Speaking on the second day of a two-week meeting of the 189 signatories of the pact, Assistant Secretary of State Rose Gottemoeller declined to say whether Washington would take any new steps to press Israel to join the treaty and give up any nuclear weapons it has.
Iran's Deputy Foreign Minister Mohammad Ali Hosseini on Monday railed against the United States and what he said was its continued nuclear support for the "Zionist regime". Western diplomats called this an attempt to divert attention away from its own nuclear program.
In failing to mention Iran even once in her speech, Gottemoeller broke from a tradition established by the administration of former President George W. Bush, which had used NPT meetings to criticize Iran and North Korea.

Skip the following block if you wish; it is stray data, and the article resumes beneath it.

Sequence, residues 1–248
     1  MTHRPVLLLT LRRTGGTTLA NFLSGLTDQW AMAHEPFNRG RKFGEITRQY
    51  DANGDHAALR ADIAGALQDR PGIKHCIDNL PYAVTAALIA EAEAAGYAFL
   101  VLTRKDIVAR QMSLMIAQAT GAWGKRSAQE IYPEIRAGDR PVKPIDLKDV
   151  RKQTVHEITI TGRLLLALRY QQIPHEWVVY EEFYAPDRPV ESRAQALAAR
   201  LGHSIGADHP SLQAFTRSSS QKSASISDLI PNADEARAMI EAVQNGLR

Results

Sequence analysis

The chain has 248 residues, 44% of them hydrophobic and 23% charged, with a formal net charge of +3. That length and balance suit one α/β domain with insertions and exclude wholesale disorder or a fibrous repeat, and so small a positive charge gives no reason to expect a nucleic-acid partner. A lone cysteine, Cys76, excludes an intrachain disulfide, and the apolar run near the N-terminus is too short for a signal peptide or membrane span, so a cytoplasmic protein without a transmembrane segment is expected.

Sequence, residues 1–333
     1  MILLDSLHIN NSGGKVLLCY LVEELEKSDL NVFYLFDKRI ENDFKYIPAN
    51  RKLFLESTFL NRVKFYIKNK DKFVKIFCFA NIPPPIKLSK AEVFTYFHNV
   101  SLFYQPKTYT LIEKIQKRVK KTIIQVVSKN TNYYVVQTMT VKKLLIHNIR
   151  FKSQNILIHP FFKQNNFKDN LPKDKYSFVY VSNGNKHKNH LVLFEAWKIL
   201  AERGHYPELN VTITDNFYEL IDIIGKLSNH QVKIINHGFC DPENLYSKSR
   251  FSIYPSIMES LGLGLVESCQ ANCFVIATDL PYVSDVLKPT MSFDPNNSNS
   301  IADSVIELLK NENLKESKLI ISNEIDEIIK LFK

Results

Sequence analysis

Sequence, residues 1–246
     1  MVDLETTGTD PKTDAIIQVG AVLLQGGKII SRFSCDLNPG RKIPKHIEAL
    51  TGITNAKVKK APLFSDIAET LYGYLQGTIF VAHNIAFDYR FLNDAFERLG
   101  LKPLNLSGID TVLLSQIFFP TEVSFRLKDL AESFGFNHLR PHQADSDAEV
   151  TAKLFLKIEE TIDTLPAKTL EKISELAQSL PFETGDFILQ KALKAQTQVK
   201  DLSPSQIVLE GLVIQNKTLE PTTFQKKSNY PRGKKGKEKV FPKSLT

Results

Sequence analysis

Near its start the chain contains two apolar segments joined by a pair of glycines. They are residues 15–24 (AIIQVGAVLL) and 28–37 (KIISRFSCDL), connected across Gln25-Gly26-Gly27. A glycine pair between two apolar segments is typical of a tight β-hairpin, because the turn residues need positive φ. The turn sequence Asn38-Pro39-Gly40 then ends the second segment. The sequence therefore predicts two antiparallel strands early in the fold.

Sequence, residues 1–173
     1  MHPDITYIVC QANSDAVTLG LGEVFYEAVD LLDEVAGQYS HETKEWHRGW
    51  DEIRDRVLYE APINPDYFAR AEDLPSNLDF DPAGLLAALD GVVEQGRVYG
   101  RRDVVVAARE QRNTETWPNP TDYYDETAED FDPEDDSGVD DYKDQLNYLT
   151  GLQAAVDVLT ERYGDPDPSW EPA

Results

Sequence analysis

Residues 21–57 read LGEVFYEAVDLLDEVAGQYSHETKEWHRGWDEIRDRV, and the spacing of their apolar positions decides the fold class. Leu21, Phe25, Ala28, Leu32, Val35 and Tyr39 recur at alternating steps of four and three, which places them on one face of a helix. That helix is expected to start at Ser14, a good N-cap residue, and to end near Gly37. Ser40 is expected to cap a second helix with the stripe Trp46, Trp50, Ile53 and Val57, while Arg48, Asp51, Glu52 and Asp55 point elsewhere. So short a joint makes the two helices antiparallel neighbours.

Gottemoeller said that Iran came up indirectly in her statement when she spoke of the need for "consequences for those breaking the rules or withdrawing from the treaty."
She also defended a US-India civilian nuclear deal, which developing nations have complained rewards New Delhi for staying outside the NPT.
Nuclear-armed India and Pakistan have never signed the treaty. North Korea withdrew from it in 2003 and tested a nuclear device in 2006.